Teachers Worried About Technology in the Classroom
School may be out for summer, but the topic of technology’s place in the classroom is still in session.
Some universities such as University of Maryland and Seton Hill University in Pennsylvania are gearing up to give incoming freshman iPads or new Mac computers – or both -- in the fall, but there still exists an ongoing debate as to whether these devices are aiding or disrupting the in-class learning process.
“There is a fear that laptops are distracting students from the material and content of the class,” said David Weinberger, a senior researcher at Harvard University’s Berkman Center for Internet and Society. “On the other hand, there is a hope that class access to the Web would enhance a lecture. However, it’s easy to think you are going online for one thing and end up spending a lot of time doing another.”
Among the biggest in-class technology offenders: Texting, playing online games, perusing Facebook and watching YouTube or movies.
"You'd think they wouldn't even bother coming to class, especially when they are watching a movie and listening to headphones," said Heather McMahon, 24, a senior at New York University's School of Nursing program. "But many professors take attendance. If a student does poorly on an exam, they can cover themselves by saying they attended every session. However, what they are actually doing in class is another story."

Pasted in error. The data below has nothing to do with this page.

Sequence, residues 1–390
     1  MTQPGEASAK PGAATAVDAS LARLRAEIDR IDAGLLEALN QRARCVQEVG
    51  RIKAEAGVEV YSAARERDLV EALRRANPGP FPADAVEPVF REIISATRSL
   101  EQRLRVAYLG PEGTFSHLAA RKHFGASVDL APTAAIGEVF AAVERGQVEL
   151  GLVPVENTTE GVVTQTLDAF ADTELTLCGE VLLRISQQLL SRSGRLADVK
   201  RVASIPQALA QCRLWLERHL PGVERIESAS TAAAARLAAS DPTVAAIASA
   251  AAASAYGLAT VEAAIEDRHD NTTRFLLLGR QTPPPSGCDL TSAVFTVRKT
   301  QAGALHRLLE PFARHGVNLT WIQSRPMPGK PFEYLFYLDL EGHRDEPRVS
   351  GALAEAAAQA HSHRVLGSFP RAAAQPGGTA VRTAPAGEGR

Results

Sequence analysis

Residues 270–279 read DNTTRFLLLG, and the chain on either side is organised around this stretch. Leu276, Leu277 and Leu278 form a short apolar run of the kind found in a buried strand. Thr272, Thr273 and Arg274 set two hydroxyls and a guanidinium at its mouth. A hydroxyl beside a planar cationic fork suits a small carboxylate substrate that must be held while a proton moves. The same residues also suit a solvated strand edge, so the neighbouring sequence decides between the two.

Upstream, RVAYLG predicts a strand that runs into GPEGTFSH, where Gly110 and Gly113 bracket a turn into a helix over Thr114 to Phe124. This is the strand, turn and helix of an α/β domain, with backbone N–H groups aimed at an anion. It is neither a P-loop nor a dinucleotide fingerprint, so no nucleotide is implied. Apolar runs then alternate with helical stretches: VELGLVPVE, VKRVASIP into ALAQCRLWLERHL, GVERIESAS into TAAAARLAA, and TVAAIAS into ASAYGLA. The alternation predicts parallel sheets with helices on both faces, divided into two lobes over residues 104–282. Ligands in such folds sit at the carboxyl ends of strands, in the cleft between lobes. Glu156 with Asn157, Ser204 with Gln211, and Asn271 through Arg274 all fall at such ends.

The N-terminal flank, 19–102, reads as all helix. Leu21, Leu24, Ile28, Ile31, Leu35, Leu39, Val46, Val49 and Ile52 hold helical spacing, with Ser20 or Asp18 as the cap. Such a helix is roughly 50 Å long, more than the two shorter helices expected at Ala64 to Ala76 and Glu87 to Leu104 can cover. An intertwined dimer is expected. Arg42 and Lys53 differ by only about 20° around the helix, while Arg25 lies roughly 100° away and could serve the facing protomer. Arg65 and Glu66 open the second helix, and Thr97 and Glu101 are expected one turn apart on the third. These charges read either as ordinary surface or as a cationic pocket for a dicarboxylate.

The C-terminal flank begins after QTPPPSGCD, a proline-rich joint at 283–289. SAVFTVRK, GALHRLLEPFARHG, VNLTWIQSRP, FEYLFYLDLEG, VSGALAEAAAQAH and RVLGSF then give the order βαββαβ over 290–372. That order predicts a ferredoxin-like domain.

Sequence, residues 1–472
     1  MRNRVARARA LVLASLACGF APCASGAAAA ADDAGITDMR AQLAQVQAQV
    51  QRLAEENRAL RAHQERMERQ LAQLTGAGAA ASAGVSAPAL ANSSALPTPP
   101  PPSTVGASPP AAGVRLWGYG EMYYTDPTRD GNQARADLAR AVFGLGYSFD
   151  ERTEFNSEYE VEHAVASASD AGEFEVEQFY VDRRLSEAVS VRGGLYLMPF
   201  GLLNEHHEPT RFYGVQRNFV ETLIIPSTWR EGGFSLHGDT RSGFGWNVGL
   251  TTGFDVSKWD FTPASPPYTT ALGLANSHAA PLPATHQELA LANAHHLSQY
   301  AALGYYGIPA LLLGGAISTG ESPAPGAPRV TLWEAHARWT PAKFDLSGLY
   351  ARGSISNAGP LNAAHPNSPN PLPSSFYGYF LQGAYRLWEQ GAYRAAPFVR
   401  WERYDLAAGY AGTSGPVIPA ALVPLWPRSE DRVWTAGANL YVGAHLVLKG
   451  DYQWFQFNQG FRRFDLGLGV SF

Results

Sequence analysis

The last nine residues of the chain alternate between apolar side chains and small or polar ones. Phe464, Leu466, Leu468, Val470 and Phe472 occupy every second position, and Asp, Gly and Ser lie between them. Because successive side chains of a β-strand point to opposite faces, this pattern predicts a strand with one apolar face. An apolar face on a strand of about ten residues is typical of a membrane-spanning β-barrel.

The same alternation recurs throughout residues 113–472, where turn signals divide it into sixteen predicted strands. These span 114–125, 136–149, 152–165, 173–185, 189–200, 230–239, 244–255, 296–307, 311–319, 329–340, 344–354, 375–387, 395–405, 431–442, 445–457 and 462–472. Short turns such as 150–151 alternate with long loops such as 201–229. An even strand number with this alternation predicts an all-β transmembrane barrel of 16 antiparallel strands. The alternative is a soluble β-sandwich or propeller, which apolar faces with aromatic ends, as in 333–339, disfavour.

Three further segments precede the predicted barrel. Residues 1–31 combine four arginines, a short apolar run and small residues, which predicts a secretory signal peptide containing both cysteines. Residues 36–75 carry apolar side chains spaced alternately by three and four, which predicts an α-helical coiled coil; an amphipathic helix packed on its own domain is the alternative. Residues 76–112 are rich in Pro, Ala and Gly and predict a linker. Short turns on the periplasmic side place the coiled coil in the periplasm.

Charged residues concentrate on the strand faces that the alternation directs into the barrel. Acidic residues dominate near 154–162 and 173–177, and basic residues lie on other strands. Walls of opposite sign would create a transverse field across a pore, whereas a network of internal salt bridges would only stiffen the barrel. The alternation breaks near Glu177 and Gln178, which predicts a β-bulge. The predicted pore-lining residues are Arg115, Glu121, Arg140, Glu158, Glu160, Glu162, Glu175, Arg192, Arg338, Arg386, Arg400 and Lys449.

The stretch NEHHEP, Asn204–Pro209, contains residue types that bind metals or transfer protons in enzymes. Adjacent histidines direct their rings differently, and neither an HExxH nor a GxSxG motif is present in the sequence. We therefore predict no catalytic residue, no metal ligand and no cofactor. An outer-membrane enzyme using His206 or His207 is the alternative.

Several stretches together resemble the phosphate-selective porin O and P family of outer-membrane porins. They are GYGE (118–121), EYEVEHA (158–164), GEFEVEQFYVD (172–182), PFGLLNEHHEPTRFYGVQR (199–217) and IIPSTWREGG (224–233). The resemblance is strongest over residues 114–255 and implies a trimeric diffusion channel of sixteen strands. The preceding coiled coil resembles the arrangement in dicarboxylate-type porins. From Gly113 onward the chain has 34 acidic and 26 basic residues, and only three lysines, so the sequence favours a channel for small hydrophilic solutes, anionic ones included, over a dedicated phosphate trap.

McMahon is currently taking summer classes in the accelerated second bachelor-degree nursing program, which attracts a wide age-range of students. She recalls an instance where an older classmate in her mid-40s turned to a younger student who was looking at bridal gowns online during class and asked if she realized how much money she was wasting by not paying attention.
"Many younger students don't care because they’re also participating in some sort of multitasking activity, but it's easy to become distracted by them being distracted," McMahon told TechNewsDaily. "I tend to sit in the front of the classroom for that very reason."
It wasn’t too long ago that many educators fought to get laptops into the classroom. Now many are mandating that students leave them at home.
Some educators such as Diane Sieber, an associate professor at the University of Colorado, has taken matters into her own hands by showing students how excessive laptop use can influence what’s absorbed in class.
Sieber identified 17 of her students that were most often using laptops during lectures and noted that after the first exam, the tech-obsessed group performed 11 percent worse compared to their peers. In response, about half of her students started to put away their computers and as a result, test scores went up.
Sieber recently told the Boulder Daily Camera newspaper that students often ask their classmates, "Please don't watch movies on your computer, because if I'm behind you I can’t focus."
"Student laptops are disruptive of an old model of learning -- taking notes with a pen and paper emphasizes the gap between teachers and students, and students don't want to be told how to learn,” Weinberger said. "Those who have been brought up on the Internet believe they learn from peers and through various mediums, they just have to exercise precaution of the downsides when doing so during class."
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